There is a moment in Forest Gump that perfectly encapsulates the magic we feel as we feel as we wind down the year. Forest’s date, Lenore, lights up as she watches the ball drop in Times Square on a tiny television perched over the bar.
“Don’t you just love New Year’s?” she sighs. “You get to start all over. Everybody gets a second chance.”
It’s easy to become swept up in the optimism and sense of relief when society’s big reset button is pressed on January 1; we want to leave the past behind us and move on to accomplish the next big thing at our credit union. The success of our marketing efforts in the coming year, however, depends on our willingness to review recent campaigns and initiatives with a critical eye.
Whether you’re just getting started planning your marketing for 2018 or already have your plan in place, ask yourself the following questions when evaluating whether or not to bring past campaigns into the new year:
- What was the Return on Investment? The simplest metric in evaluating the success of a marketing campaign is whether or not the gains you saw paid for the campaign and also contributed to your credit union’s growth. A great number to shoot for is 200% ROI or more.
- Fix it, or pitch it? Perhaps a marketing campaign that worked in the past suddenly fell a little flat this year. In addition to re-evaluating your messaging and targeting, pay attention to recent industry trends to assess the role they may have played. Understanding these factors will help you determine if you should write off a campaign strategy in the future, or just make a simple tweak.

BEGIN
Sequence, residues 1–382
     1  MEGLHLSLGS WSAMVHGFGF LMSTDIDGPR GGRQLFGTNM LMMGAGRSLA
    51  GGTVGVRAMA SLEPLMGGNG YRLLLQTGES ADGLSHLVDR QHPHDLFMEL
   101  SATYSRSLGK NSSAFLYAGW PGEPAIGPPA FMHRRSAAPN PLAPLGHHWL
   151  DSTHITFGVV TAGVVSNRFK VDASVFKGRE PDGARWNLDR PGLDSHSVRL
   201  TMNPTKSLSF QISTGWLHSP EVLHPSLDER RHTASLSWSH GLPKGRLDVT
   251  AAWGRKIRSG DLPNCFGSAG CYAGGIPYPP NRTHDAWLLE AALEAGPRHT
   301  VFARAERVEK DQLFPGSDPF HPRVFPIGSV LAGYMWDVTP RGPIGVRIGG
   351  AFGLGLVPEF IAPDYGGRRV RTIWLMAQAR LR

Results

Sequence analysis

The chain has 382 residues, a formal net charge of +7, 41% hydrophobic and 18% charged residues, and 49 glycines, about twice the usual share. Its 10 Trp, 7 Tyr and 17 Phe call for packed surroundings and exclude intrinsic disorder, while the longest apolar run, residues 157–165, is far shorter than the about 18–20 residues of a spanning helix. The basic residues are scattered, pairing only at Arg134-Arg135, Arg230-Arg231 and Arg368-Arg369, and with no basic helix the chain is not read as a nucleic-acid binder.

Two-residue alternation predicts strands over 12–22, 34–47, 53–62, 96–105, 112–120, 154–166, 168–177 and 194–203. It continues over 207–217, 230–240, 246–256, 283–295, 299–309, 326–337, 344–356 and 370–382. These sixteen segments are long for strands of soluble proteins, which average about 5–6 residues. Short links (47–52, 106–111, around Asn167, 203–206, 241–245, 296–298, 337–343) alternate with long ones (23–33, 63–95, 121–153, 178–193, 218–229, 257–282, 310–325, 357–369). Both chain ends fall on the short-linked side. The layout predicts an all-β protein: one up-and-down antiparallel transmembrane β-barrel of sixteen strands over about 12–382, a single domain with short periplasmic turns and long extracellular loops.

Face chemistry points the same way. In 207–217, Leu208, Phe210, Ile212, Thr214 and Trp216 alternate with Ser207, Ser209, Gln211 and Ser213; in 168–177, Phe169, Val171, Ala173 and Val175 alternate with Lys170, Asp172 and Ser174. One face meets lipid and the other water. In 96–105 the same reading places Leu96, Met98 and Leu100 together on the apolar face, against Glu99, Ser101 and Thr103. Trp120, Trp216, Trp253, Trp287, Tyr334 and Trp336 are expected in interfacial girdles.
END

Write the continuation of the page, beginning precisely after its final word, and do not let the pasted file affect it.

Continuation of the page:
- How did employees respond? Marketing is taken to the next level when employees rally behind a campaign and get excited about it. Reflect on staff response to individual campaigns and what might have contributed to low enthusiasm.
- Did it help meet your credit union’s business objectives? Always view marketing through the lens of your credit union’s strategic plan and if the strategy and objectives of your campaign were in line with those goals.
Getting excited about the coming year is great; however, if we overindulge our hopefulness and blindly look ahead without having tough conversations about the past, we’re doomed to repeat the same marketing mistakes year after year. Stay in 2017 for just a little bit longer to give your marketing a second chance come January 1.